I am a native Spanish speaker and I also have native-like fluency in English. In my language learning ventures, I found French to be quite comprehensible, and I can decipher quite a bit of most romance languages when spoken to me, or even reading them. However, the moment I moved to Shanghai and gave Mandarin a shot, or when I moved to Cape Town and jumped into Sesotho, I got insight into the actual challenge that is language acquisition, especially after the younger years of the critical period (usually before 6-7 years of age) is way behind me. Naturally, it is something I have been wanting to decode- how can we improve language education to make it more meaningful and influential to its students- actually teaching a language to the point where any student driven enough to commit to learning the language can attempt to speak to a native speaker at least on a conversational level? The answer became very clear to me after studying linguistics.

Linguistics is a term that is thrown around all over the place. It is a very broad field, so I understand how plenty of people do not distinguish the study of linguistics from the study of language learning… which, yes… in some ways does fall into the realm of linguistics. The distinction I want to make in terms of this project is between basic linguistic analysis (I know, I keep saying that, what does it mean?) and basic language education- aka language on a deconstructed level vs. language on a lexical level. When one learns a language in a classroom, it is usually taught on a repetition-memory base with vocabulary lists and grammar rules hammered into the heads of many students (half of which probably are not passionate about learning the language in the first place). So, when you have students with all kinds of learning styles and levels of enthusiasm, there must be a way to delve into the language to cater to all students and provide a structural breakdown of it.

Enter: Linguistic Analysis!

Instead of focusing solely on memorizing grammar rules and vocabulary words, I propose to include a basic breakdown of the language’s phonetics, phonology, morphology, syntax and, in effect, semantics. Keep reading the following posts to get a brief introduction and definition of each sub-topic of linguistic analysis (not delving too deeply outside of the basic breakdown components) in relation to the Sesotho language from Lesotho in South Africa. In this way, I will use a practical application of linguistic anthropological research on this language, merging the breakdown of the language and the process of learning a language by forming an imprint and deep understanding of how it is made up. As an avid linguist and language-learner, I have become aware of the fact that these two disciplines are not always used together to promote the effectiveness of one over the other like field method researchers do on site. Field method studies involve speaking to a group of native speakers, collecting data of the language in words, sounds, and sentences, and deconstructing the sounds and structures to its deepest levels. Over time, most field researchers end up learning the language by default, usually at a conversational level, not only by being exposed by the language regularly, but also by studying the most intricate structural makeup patterns. I present that breaking down the language to explain more than how grammatical rules apply will allow for a deeper understanding of how and why these grammatical rules are enforced- especially in languages that are completely foreign to the learner.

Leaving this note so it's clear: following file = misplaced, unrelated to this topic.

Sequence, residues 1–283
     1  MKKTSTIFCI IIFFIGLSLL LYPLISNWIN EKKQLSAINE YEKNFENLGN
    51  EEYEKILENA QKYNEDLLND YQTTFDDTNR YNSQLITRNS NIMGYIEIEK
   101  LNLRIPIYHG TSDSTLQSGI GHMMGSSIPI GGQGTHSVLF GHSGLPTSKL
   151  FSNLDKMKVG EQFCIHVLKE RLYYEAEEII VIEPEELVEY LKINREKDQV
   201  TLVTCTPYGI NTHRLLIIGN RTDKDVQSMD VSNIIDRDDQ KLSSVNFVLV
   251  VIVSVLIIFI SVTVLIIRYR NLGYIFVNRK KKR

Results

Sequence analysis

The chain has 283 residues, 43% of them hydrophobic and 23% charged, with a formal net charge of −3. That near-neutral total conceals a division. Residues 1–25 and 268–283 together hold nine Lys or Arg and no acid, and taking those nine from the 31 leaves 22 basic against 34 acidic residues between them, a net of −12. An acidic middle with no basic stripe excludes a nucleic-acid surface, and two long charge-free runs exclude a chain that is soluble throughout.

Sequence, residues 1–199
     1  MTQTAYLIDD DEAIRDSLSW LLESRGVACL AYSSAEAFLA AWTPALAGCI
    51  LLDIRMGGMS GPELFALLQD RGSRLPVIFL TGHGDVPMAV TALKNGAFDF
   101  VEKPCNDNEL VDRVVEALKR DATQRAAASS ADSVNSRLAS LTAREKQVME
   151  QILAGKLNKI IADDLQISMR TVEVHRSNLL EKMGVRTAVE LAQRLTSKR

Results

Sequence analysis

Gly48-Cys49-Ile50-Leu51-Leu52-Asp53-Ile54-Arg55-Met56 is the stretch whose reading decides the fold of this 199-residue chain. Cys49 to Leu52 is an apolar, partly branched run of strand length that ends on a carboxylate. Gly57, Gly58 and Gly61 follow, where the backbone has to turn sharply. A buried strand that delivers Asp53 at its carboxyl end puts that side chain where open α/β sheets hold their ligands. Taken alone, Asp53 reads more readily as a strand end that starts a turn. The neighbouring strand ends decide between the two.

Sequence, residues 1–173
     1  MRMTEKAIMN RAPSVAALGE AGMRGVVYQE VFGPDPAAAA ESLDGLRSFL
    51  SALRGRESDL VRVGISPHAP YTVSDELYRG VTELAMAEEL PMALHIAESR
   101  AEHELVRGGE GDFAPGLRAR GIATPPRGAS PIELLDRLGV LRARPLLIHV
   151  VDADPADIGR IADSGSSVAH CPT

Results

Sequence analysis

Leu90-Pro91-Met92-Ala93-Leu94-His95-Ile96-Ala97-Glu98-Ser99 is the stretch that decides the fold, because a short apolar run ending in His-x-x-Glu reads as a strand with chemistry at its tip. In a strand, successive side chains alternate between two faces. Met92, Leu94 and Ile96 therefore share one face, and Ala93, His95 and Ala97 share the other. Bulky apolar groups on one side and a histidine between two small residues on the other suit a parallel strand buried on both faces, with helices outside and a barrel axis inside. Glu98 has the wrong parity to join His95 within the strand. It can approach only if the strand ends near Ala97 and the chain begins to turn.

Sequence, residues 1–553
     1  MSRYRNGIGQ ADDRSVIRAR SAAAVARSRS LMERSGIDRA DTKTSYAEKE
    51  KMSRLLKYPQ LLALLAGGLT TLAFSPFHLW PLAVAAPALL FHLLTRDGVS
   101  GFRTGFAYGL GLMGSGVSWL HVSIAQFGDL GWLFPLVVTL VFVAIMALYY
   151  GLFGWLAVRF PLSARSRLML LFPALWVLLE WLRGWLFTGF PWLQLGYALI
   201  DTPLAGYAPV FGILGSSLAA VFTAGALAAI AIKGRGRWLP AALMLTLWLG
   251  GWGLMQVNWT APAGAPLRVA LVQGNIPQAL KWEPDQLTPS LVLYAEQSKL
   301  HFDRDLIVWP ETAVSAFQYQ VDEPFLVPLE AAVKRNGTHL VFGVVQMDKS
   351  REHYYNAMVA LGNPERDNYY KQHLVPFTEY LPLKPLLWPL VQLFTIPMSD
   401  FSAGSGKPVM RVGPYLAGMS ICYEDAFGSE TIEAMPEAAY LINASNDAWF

If a student like myself learns the sound pieces (or phonemes) of a language, the location in the mouth in which they are produced, and how they are distributed within the language, it makes it a lot more simple to then note and apply patterns and structures when learning new vocabulary or modes of speech. Keep reading for my experience with learning Sesotho in a classroom setting in South Africa and how I believe I may have learned more of the language if it were broken down on a deep structural, linguistic level.

I hope this encourages you to really explore language learning more fervently and research the linguistics of a language you’re learning- chances are, the breakdown has already been published for you!

For some more information on this topic, refer to articles like this one!

And for information about a previously published grammar of Sesotho and the main source for this blog visit this site.